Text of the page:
The default way of coverage measuring in subprocess is to set the python interpreter to turn on code coverage right on start-up. But this technique won't work if the process being measured forks (as it does in multiprocessing). See issue.
I solved this by monkey-patching the multiprocess to programmatically
start the coverage.
Only the method
Process._bootstrap needs to be monkey-patched.
It is just wrapped with some code to start the coverage and
save it when it is done.
from multiprocessing import Process def coverage_multiprocessing_process(): # pragma: no cover try: import coverage except: # give up monkey-patching if coverage not installed return from coverage.collector import Collector from coverage.control import coverage # detect if coverage was running in forked process if Collector._collectors: class Process_WithCoverage(Process): def _bootstrap(self): cov = coverage(data_suffix=True) cov.start() try: return Process._bootstrap(self) finally: cov.stop() cov.save() return Process_WithCoverage ProcessCoverage = coverage_multiprocessing_process() if ProcessCoverage: Process = ProcessCoverage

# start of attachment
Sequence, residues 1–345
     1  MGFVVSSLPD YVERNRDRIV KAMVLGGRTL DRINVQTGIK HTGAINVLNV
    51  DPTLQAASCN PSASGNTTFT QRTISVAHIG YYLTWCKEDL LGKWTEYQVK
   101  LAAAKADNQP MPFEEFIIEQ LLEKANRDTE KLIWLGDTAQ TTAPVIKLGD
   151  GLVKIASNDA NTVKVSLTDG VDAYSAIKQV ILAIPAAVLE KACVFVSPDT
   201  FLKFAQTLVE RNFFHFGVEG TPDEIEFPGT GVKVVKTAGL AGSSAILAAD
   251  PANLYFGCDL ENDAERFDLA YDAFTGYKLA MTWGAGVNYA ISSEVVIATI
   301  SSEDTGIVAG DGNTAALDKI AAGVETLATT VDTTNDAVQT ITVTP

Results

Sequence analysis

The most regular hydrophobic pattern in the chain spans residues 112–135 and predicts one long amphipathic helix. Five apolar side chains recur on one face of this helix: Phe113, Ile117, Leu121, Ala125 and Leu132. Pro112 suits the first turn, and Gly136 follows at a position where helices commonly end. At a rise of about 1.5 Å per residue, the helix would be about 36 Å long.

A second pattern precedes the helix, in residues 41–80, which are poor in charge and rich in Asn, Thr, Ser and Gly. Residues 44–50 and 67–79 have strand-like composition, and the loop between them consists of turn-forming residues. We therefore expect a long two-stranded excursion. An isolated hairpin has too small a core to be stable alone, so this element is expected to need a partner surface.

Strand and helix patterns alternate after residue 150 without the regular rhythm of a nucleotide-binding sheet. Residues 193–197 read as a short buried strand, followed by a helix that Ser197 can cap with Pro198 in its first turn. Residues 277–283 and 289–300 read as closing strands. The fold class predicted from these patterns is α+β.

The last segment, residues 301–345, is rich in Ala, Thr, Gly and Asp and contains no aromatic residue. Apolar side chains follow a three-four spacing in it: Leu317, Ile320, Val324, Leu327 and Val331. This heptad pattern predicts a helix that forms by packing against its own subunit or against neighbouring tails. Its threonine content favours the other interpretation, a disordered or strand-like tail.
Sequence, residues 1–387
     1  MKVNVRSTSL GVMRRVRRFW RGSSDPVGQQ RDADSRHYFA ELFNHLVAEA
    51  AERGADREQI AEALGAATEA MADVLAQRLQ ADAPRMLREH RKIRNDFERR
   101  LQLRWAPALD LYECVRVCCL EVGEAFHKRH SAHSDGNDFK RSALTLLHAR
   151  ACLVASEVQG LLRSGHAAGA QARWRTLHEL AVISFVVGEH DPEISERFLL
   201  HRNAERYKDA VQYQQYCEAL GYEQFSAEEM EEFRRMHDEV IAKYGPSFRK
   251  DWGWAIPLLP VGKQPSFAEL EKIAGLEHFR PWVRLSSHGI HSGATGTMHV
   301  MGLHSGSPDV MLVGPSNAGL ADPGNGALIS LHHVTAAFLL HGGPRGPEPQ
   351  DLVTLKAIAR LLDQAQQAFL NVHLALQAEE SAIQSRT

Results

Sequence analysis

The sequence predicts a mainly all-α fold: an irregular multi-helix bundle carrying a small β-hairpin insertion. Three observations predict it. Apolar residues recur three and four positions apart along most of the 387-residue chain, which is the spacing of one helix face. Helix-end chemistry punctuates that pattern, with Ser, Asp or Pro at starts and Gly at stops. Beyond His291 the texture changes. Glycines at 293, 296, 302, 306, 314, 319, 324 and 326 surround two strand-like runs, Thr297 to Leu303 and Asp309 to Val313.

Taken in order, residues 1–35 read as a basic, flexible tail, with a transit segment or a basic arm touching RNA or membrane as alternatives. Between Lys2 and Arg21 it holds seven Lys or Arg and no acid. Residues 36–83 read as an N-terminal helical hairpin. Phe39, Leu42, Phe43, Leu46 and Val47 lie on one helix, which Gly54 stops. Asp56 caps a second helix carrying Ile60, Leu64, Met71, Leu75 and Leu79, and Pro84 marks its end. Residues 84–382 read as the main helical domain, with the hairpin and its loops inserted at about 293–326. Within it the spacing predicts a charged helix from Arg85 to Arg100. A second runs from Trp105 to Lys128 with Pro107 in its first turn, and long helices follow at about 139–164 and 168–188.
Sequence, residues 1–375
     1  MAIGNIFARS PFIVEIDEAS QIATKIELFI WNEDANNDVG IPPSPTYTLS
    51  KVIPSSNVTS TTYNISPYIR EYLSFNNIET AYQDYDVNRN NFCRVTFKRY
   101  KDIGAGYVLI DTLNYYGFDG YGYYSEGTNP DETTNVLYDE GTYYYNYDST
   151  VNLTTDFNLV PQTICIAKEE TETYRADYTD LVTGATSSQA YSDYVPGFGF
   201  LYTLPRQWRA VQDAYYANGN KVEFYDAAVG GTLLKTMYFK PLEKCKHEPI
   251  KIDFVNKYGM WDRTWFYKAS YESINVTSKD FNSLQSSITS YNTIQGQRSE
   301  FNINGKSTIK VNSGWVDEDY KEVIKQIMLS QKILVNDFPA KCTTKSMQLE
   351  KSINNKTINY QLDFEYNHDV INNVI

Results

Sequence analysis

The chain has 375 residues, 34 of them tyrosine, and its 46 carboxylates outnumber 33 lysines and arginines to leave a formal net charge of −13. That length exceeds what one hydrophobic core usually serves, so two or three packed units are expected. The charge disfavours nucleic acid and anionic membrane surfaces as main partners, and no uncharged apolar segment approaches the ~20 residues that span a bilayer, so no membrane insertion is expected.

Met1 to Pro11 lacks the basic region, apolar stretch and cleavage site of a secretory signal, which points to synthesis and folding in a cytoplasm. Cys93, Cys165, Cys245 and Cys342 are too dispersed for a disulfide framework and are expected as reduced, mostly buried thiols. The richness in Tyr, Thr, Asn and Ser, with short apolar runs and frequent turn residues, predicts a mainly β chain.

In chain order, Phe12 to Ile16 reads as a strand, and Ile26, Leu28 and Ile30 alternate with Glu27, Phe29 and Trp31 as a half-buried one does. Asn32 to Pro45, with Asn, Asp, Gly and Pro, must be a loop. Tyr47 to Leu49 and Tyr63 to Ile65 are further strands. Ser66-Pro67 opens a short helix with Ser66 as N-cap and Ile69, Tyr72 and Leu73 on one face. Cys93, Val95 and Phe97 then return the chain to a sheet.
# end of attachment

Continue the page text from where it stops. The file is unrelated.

Note that the monkey-patch is only applied when the original process
was being covered.
This is done by checking if there are any
When running the
coverage you need use the
than combine the results before creating report:
$ coverage run --parallel-mode my_program.py $ coverage combine $ coverage report